The hike from Wrightwood bent our bodies forward towards the end of each day. Up over Baden Powell, into Jimmy Springs Campground where there had been recent bear activity, we looked through the opening of our rainfly and tried counting all of the spaceship tents along the flats of the campground. "Twenty seven?" Melissa shrugged. We ran out of food on the last day and a half. Two tortillas, spicy peanuts and broccoli cheddar soup. All of the things we don't eat...but we must!
     On morning four, after we stopped at the ranger station for water and sodas, we hiked the eight miles to the KOA in Acton, the sun baking us. With my phone charged, I switched the music on, making spastic arm movements along with the beat. Melissa would look behind at me and I would stop middance and grin maniacally. When we made it to the KOA, we set our bags down at a picnic table closest to the pool and bathrooms, ate all the ice cream and chips, drank our sodas and Gatorade. After twenty minutes,  Mayor and Schweppes set their bags down on the picnic table beside ours. Later, we sat across from each other, pulling PBRs out of the box sitting on the ground and Schweppes would look at us, "So, like... what are your guyses hobbies when you aren't hiking?" He would ask us this question throughout the night and the next day, keeping his face free of any emotion and we would answer, our responses becoming more and more bizarre.
      I cut Mayor's beard, asks if it's weird for a stranger to be doing this. "No," he says. "I've had strangers do a lot weirder things." The next day, he trims the ends of my hair. "There," he says. "All the split ends are gone. Would you recommend me to all of your friends?" He has a dog with him- a small fox looking dog. One that he carries over his shoulders when she gets tired. Katana. I look across the lawn, see Schweppes poking at the large pizza we have on the grill. Later, we eat it- both of us consuming half of it in slightly under three minutes. The top of it still doughy, the bottom burnt to the point where both of us grin, chew chew chew and grin again. Mayor looks at my hat, "What's in New Orleans?" I look at him, look away. "My daughter." "Oh! You have a daughter? That's cool." I shook my head, "No. I don't really. I was kidding." I don't smile and we find ourselves nodding in appreciation of each other.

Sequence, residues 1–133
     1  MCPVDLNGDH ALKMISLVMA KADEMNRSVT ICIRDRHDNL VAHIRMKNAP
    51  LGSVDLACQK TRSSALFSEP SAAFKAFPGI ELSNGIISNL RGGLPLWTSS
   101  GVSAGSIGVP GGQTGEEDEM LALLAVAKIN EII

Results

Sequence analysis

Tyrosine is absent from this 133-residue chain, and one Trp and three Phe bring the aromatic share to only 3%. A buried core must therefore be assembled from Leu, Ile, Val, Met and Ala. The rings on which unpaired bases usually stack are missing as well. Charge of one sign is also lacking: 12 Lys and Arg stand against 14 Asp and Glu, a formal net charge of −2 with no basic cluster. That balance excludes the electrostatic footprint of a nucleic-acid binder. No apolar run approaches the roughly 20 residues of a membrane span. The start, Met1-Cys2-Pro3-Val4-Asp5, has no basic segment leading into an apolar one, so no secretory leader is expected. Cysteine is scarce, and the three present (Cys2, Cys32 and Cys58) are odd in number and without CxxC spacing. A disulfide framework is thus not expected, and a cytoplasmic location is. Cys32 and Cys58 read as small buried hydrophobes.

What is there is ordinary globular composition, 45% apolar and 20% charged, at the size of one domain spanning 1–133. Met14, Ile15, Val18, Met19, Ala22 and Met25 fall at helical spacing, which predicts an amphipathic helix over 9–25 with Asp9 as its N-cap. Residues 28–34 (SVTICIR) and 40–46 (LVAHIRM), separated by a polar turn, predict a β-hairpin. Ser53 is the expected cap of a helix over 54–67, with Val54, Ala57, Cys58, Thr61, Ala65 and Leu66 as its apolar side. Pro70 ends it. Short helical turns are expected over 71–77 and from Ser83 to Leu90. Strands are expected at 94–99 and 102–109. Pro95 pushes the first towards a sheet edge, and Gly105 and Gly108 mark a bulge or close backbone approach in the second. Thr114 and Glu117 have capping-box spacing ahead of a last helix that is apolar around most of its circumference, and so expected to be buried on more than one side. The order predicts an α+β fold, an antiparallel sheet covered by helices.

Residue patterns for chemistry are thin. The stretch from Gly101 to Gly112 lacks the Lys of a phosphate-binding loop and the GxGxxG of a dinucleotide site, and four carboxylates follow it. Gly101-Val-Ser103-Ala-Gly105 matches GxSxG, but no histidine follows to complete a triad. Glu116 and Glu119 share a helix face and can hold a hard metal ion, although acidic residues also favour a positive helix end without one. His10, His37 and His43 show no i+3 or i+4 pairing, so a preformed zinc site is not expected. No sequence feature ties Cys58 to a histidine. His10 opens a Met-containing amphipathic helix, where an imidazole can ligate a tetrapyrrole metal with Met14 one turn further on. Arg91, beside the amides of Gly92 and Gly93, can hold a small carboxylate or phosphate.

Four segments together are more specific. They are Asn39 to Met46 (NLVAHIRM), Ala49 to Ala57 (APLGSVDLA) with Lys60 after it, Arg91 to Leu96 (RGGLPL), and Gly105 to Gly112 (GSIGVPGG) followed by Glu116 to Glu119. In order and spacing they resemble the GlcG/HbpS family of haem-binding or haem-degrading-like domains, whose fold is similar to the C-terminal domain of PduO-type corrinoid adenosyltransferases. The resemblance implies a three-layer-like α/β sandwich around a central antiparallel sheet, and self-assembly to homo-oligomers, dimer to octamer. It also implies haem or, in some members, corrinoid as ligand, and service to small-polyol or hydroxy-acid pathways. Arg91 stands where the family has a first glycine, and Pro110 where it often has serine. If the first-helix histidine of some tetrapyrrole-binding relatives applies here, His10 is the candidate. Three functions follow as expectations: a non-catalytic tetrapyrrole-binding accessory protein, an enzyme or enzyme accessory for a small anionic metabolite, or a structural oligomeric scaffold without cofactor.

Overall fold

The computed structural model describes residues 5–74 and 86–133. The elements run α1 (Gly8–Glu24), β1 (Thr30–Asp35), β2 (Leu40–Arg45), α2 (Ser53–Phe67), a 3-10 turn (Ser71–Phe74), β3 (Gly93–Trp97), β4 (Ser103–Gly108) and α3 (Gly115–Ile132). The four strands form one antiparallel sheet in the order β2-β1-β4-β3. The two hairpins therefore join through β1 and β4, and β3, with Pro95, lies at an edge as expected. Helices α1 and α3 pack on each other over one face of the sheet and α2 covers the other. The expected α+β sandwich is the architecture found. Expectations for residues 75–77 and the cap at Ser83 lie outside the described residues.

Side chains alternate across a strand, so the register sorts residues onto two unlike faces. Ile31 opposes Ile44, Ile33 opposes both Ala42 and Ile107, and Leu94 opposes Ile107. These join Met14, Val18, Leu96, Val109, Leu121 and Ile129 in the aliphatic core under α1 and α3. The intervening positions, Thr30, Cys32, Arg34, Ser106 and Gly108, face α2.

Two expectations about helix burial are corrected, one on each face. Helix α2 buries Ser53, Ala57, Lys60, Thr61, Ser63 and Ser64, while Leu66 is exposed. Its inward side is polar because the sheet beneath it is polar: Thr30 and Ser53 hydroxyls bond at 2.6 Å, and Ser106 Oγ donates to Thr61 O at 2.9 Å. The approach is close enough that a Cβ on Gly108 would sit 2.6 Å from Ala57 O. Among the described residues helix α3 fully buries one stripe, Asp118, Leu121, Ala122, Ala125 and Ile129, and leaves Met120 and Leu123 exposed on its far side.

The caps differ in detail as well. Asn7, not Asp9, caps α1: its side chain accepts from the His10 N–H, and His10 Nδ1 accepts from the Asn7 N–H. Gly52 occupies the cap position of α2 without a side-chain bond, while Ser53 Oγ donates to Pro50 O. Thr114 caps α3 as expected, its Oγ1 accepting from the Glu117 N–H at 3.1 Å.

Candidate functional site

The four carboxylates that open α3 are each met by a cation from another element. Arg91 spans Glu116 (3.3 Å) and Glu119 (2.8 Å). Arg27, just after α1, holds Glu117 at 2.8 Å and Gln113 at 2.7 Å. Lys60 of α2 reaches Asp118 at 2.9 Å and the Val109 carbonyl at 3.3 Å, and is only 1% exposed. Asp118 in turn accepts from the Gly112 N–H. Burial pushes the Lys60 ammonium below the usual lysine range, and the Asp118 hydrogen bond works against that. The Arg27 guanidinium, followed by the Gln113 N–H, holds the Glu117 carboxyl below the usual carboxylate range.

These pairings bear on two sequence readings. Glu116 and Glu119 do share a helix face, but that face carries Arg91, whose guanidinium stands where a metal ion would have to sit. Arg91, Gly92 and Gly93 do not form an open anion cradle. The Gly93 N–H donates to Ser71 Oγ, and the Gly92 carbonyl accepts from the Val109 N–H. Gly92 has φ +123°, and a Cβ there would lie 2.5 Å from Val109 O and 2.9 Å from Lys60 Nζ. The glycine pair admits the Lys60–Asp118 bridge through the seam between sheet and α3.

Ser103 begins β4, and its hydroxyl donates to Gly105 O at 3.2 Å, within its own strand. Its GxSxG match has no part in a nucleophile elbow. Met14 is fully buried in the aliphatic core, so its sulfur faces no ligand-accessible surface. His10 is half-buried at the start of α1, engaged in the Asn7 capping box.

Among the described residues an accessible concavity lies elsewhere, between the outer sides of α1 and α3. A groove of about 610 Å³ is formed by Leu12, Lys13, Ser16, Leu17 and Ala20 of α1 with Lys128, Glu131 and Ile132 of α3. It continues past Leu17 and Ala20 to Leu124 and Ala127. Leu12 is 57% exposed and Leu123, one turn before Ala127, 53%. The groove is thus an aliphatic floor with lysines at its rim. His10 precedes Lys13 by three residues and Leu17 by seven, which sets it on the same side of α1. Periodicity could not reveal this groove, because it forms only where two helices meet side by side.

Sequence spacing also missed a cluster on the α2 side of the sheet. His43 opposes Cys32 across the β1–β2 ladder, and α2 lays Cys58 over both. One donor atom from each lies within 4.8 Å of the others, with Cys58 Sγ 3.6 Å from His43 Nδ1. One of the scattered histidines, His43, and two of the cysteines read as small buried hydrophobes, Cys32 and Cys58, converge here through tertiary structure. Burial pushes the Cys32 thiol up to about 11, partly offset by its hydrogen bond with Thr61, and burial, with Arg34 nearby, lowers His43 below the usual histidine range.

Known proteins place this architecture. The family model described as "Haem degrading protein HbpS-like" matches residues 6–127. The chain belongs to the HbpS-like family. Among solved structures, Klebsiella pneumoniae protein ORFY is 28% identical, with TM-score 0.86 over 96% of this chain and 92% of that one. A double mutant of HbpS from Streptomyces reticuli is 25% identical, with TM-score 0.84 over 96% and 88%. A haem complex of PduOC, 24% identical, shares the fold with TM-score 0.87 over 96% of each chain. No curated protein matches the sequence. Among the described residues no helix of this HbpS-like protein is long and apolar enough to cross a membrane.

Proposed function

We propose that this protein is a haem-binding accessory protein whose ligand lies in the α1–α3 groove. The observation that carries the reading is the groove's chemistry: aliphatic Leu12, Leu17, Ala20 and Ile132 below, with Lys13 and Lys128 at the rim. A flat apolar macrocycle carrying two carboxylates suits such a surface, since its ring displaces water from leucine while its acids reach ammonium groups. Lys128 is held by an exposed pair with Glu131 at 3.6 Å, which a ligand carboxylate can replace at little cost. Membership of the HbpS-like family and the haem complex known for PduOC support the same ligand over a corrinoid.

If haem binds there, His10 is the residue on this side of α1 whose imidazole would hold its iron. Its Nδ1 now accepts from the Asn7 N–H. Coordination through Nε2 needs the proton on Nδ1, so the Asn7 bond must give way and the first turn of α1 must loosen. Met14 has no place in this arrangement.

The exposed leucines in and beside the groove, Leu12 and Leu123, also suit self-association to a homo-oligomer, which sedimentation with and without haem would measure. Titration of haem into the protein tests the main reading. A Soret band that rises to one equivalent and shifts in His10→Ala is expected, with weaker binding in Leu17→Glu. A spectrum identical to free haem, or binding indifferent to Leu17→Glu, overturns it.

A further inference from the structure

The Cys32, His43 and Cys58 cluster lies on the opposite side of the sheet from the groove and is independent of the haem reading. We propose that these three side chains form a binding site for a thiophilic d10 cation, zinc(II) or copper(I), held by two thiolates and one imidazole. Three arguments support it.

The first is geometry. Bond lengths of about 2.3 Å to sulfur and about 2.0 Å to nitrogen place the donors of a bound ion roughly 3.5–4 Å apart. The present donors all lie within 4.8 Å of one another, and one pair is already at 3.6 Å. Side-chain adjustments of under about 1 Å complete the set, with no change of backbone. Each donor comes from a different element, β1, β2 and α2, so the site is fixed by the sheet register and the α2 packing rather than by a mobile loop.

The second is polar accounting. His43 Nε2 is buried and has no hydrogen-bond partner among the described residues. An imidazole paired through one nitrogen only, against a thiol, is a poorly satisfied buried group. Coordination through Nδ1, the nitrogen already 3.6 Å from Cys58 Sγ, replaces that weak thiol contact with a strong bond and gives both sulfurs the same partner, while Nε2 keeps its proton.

The four of us hike out together and when we reach Hiker Heaven, we look around, overwhelmed by all of the hikers milling about, and all the information spewed out during the tour of the place. I put my socks and random pieces of clothing in the laundry bag and wander over to the trailer with couches and TV. Pogue plays the guitar and when he gets up, he hands me a beer, running his fingers through his hair. Barbie points out the likeness of Pogue has with the grown up Simba and he strikes a pose, whipping his hair around. Now, fifteen hikers sit on the couches, focused on the TV playing Kung Fury. We all know the longer we sit here, the greater chance we have of not being able to leave, but all the hikers move in a cyclical pattern and we can't seem to leave each other. We take showers, walk to our bags, back up the hill to the charging station, throw the football back and forth to each other and we smile and sigh, comment how we need to leave, but someone nearby always reminds us that it just snowed in the Sierras and most likely we'll all be stuck in Kennedy Meadows, underneath the snow and miles and raw need to keep moving north.